The Danger of Unintended Electoral Consequences

0 Posted by - September 23, 2011 - Career & Business, Commentary, Commentary - Guest, Economics, Elections

 The Danger of Unintended Electoral Consequences*Written by Tho Bishop.

According to the mainstream media, the battle for the GOP nomination is a two man race between Texas Governor Rick Perry and former Massachusetts Governor Mitt Romney. The fact that Republicans are increasingly souring on Governor Perry, and have long had issues with the candidacy of Romney, is often swept aside in favor of the issue of “electability”. As is so often the case with the current two-party system, the belief is that no matter the quality of your party’s candidate, no one is worse than the other guys. For most Republicans, 2012 is ABBO – anybody but Barack Obama.

But is this really the case? Let’s consider the past two presidential elections. In 2004 President George W. Bush defeated Senator John Kerry. Republicans win, Democrats lose – right? Wrong. A short term defeat for the Dems gives way to massive gains in 2006 and culminates in winning the White House and both branches of congress in 2008. But this victory is also short lived. Frustration with government leads to the Tea Party coming to Washington in 2010 with Democrats losing Congress and expectations of even greater losses 2012.

The moral of the lesson? Victories are only victories when there is substance to support them. Bush maintaining his previous residence in 2004 may have kept a Republican as president, but one that governed progressively with massive government spending and dramatic increases to the size of the federal government. President Obama was supposed to usher in a new age of Democratic domination, but weak leadership and a lack of economic solutions have undermined the President – and his party by proxy.

So the main question Republicans should be asking themselves is not “can ____________ beat Obama”, but “can __________ fix the economy”. If they aren’t convinced of the latter, the former is irrelevant. In fact, a president that can’t fix the economy is likely to cause more damage to their cause (be it the cause of party or country) than anything the election of Barack Obama could do.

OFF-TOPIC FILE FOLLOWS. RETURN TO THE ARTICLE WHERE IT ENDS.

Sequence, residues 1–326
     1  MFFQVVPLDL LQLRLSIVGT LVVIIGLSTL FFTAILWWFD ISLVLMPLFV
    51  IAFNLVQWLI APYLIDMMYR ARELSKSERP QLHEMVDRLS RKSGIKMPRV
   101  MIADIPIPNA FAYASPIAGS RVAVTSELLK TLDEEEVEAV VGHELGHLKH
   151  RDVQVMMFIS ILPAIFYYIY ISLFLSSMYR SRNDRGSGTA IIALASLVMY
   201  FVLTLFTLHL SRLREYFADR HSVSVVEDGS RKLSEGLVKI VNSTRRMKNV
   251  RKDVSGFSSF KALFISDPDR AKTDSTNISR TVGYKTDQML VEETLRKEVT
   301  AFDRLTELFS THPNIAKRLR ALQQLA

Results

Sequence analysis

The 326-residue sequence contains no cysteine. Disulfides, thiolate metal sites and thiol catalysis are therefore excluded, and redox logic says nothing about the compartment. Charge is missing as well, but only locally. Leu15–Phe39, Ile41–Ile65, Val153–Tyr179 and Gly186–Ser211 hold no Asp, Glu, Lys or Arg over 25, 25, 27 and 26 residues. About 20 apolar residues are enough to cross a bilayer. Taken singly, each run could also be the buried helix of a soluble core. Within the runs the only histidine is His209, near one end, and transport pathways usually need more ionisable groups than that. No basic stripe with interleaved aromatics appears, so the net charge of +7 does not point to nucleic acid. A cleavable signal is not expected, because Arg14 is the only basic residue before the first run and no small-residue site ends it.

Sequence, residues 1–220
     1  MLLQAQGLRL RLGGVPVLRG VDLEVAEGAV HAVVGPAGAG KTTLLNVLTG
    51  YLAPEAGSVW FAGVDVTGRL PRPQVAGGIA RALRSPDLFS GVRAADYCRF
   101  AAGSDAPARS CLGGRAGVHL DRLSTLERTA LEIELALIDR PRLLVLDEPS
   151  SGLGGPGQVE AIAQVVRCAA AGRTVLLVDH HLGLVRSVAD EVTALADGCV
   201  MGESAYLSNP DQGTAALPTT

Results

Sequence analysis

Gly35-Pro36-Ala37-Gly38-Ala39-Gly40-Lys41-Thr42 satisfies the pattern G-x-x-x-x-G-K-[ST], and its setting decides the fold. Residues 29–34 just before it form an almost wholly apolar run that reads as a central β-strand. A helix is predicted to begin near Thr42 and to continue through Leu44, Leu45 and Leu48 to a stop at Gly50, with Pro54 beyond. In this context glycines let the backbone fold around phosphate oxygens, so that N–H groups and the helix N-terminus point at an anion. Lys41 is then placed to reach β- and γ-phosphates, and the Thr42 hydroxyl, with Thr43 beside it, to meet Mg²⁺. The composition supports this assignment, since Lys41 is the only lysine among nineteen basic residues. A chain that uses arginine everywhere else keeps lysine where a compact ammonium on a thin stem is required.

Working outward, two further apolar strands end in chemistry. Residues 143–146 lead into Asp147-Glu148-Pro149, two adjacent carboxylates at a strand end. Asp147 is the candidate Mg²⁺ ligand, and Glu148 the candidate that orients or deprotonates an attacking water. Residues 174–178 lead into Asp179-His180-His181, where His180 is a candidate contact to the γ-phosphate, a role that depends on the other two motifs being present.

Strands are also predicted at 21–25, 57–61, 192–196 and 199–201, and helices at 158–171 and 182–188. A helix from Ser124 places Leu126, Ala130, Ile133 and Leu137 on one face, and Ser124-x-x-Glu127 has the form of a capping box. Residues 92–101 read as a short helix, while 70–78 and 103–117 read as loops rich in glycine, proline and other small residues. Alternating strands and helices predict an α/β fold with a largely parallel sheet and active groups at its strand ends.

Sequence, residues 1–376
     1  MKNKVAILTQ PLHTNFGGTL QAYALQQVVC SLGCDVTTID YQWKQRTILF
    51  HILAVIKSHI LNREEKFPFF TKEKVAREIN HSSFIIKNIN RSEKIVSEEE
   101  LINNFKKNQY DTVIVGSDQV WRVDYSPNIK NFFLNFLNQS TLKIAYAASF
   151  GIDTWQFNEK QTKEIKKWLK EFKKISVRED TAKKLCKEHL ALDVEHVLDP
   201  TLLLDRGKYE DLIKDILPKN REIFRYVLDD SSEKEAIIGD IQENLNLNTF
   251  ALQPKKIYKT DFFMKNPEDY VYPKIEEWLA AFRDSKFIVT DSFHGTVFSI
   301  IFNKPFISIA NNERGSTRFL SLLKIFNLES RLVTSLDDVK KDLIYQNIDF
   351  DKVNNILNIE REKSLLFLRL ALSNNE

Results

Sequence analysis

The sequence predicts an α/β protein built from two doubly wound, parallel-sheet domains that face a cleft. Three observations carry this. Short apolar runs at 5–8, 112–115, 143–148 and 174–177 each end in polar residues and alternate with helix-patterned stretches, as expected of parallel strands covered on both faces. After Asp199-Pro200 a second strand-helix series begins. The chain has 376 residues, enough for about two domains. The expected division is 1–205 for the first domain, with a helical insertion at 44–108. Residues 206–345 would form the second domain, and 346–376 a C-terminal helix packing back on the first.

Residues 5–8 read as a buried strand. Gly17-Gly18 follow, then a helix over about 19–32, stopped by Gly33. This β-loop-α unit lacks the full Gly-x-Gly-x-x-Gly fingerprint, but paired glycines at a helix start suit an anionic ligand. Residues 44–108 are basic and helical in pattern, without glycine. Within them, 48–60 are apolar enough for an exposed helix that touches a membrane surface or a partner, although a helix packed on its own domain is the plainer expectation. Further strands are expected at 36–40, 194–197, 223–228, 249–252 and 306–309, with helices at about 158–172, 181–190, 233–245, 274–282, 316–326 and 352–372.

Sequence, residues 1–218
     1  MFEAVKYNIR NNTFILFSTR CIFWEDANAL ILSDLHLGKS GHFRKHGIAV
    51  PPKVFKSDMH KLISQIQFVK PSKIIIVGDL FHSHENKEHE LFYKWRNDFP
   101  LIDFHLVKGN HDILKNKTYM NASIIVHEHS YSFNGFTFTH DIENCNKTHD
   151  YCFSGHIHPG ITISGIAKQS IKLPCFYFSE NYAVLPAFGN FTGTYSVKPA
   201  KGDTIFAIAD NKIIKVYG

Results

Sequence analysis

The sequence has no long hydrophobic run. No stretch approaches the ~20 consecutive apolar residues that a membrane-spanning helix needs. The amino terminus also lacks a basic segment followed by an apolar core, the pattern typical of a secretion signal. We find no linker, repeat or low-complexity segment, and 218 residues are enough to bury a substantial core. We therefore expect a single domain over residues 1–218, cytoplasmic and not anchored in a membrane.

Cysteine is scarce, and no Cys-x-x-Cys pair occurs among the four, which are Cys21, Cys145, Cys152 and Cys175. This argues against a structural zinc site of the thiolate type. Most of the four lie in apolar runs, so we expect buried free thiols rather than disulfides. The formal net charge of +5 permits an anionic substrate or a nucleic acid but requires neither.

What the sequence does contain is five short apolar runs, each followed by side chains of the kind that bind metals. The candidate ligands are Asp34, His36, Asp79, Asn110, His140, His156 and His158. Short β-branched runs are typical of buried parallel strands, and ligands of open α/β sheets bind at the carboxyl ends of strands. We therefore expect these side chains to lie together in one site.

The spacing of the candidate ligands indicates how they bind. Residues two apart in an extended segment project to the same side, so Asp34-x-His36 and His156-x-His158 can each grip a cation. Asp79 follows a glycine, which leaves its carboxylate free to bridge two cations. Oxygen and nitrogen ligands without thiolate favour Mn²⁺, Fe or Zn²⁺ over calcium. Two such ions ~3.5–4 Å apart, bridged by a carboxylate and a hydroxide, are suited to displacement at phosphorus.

I contend that neither Rick Perry nor Mitt Romney have any idea what is truly wrong with the American economy. Perry’s talk about a “treasonous” Ben Bernanke aside, neither pays much attention to matters of monetary policy. In spite of Romney’s reputation as a businessman, neither have demonstrated a sound understanding of economics (best demonstrated when Romney starts a sentence advocating the wonders of “free trade” while ending it with attacks on doing business with China.) Neither was able to identify the dangers of housing bubble before it popped. Rick Perry has run massive deficits; Mitt Romney has a bad track record of job creation and none of them have any truly substantive plan of action – Romney’s vague Kindle-friendly collection of bullet points aside.

Take a second and imagine the consequences of electing a Republican to the White House, in the middle of a double-dip recession/depression, who is unable to solve the economy. Frustration with “socialism” becomes frustration with “capitalism” by a country ready to believe such over-simplifications. The gains Republicans made in 2010 are replaced with Democratic gains in 2014. 2016 comes with a Republican party essentially handcuffed to a President who has the anchor of economic crisis firmly strapped to his ankle.

Take it one step further, who benefits most from this frustration? It would need to be someone likable, as Americans will be looking for someone that can give them hope. The nation will have endured twelve years of unpopular Presidents and even less-regarded congresses, so it will have to be an “outsider” who understands that Washington is broken. With the rich still comfortable and the poor still supported, it will be the middle class who suffers the greatest brunt of the pain, so they will naturally be looking for an advocate.

My fear is that Elizabeth Warren could be that advocate. A Harvard Professor with an irritatingly effective folksy charm, Warren is the most dangerous sort of radical progressive – one who rarely offends. She will be sold as a “grandmother from Oklahoma”, who warned of the “collapse of the middle class before anyone else”. A “consumer advocate” who went to Washington to try to “make it easy for families to understand the fine print on their credit cards”. A champion “for the cause of the angles” (as at least one Democratic congressman has described her) who was overlooked by Obama due to “the wishes of Tim Geithner and the big banks that feared her.” All of this is total crap, but it sure does sound good. By the time 2016 comes around, she is likely to have had four years in the Senate and a record in government since 2008. With Obama failing to nominate her to lead the Consumer Financial Protection Bureau (CFPB) she personally crafted, Warren can simultaneously point to her time in the administration as “executive experience” without being tarred by a connection with Obama.

If Warren isn’t the Democrat of choice in 2016, someone similar will be. A Democratic base spurned by the “moderate” Obama isn’t going to elect Tim Kaine. The Progressive intellectuals have already set their pieces for the long term better, the unprecedented stimulus package passed in 2009 was “too small” according to their go-to economist Paul Krugman. Any pragmatic Republican must take such a future into consideration. Elections have consequences, policy decisions matters.

How many times must history repeat itself before people start taking its lessons to heart? Holding your nose at the polls to elect your party guy isn’t practical, it’s tragically short sighted.

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